College of Arts and Sciences

Distinguished Lecturer: Ben Dattilo

"Misreading the Fossil Record"Pic of Dattilo

Benjamin Dattilo
Associate Professor of Geology
Indiana University Purdue University Fort Wayne

Friday, April 17, 2015
Walb Student Union
International Ballroom B

12:00 p.m.

Ancient sediments and the fossils they contain are a record of the past, but “reading” the record works more like forensic investigation. Modern processes serve as a guide, so problems arise when sediments come from environments that no longer exist, when sedimentary processes take longer than a lifetime to complete, or when a fossil organism has left no descendants. In these cases, it is easy to misinterpret the evidence, and a single, microscopic oversight can cascade into sweeping misinterpretations. Ben Dattilo from IPFW’s Department of Geosciences will use examples of long-standing puzzles from his research on a 450 million-year-old continental sea to illustrate how to read and how not to read the fossil record.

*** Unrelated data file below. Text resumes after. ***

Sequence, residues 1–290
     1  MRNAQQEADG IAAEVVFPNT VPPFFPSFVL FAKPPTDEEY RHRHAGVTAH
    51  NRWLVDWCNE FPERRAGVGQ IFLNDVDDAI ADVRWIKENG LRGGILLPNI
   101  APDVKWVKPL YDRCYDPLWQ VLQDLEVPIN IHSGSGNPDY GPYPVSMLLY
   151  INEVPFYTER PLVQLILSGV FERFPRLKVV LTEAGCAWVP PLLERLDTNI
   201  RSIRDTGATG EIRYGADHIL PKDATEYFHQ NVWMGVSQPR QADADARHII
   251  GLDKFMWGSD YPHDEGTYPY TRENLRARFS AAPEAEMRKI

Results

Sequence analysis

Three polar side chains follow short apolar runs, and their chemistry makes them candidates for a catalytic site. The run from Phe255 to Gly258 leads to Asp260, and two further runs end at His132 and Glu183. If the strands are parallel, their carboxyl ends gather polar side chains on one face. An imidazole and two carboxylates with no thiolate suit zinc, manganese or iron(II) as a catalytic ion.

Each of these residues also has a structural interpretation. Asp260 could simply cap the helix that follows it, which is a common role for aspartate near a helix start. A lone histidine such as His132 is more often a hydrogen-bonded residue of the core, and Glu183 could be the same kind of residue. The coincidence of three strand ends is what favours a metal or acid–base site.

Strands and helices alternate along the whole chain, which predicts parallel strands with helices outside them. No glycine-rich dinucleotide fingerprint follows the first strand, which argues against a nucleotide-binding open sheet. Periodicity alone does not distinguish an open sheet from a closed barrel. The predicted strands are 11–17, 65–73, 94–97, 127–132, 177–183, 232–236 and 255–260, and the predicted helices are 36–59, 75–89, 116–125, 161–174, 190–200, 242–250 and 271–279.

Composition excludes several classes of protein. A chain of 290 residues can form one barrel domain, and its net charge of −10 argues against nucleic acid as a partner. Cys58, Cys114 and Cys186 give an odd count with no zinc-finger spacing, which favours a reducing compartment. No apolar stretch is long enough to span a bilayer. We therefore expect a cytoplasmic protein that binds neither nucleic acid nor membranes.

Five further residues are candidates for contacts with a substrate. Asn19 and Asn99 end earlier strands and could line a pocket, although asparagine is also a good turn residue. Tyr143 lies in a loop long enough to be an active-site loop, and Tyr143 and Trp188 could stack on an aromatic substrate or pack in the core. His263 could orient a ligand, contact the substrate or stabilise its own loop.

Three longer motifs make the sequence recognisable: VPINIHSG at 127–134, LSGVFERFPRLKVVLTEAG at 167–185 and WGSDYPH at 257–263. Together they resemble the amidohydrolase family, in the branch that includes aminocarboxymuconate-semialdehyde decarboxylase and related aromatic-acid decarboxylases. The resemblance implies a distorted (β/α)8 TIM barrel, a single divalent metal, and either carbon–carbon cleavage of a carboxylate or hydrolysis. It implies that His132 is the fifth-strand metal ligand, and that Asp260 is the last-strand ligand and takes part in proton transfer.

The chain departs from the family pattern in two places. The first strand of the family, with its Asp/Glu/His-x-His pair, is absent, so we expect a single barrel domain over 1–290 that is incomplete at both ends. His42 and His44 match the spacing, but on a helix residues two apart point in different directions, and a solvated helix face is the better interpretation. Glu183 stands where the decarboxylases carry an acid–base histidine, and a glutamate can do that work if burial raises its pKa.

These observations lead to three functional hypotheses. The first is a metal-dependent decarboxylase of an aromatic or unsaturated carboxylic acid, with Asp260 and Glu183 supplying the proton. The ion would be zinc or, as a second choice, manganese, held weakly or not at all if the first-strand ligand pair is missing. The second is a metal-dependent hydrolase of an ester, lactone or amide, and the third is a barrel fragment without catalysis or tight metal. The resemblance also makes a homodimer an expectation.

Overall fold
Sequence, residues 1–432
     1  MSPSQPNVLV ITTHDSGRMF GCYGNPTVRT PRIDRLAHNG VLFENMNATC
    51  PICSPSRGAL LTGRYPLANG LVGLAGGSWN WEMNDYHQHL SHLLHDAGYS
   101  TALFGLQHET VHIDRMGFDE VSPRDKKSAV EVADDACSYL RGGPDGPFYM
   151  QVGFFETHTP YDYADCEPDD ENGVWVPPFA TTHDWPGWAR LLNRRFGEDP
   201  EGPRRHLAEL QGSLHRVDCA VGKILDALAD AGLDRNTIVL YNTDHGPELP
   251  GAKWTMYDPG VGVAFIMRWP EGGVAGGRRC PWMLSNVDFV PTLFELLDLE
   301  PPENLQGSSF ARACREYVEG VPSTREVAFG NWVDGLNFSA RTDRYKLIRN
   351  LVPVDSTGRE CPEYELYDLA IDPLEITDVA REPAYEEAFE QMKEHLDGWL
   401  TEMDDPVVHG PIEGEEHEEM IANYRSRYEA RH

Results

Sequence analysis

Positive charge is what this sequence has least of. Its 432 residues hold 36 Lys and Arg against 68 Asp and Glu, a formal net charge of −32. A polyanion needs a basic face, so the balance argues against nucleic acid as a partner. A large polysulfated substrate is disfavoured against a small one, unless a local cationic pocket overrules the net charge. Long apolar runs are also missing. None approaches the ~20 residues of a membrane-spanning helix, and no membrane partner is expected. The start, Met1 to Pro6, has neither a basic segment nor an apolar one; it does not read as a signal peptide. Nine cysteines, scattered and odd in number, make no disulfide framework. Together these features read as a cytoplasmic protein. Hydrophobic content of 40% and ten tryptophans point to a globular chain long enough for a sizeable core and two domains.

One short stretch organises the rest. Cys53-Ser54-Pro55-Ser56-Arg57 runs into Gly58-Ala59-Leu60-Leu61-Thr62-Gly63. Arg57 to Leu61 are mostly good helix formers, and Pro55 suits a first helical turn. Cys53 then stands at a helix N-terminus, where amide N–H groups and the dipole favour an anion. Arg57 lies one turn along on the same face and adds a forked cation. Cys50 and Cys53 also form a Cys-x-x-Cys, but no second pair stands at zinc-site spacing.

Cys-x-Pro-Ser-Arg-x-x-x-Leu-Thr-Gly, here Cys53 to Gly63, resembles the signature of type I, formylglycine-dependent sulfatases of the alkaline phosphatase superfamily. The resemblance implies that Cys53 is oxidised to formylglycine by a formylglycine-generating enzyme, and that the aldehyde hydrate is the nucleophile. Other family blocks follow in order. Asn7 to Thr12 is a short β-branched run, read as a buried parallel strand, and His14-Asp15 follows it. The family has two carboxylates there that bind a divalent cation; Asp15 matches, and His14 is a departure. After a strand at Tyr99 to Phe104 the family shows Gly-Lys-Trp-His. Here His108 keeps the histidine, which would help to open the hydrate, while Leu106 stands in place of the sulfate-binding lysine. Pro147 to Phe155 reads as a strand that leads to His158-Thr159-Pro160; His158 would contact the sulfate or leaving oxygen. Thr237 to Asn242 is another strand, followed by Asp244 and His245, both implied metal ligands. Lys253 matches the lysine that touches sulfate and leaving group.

Ben Dattilo, Associate Professor of Geology, has been at Indiana University—Purdue University Fort Wayne (IPFW) since 2007. He received his Ph.D. in geology from the University of Cincinnati in 1994. His research emphasis is on the complex interaction between time, environment, and life that created the sedimentary record of the inland seas. Rather than concentrating on a single investigative technique, Dattilo has concentrated his research efforts on the Upper Ordovician (450 million years old) deposits of the Cincinnati region. By taking the time to understand one system very well, he can approach problems from multiple points of view and has employed a number of techniques to solve long-standing mysteries in fossil-rich rocks that have been studied intensely for over 100 years.

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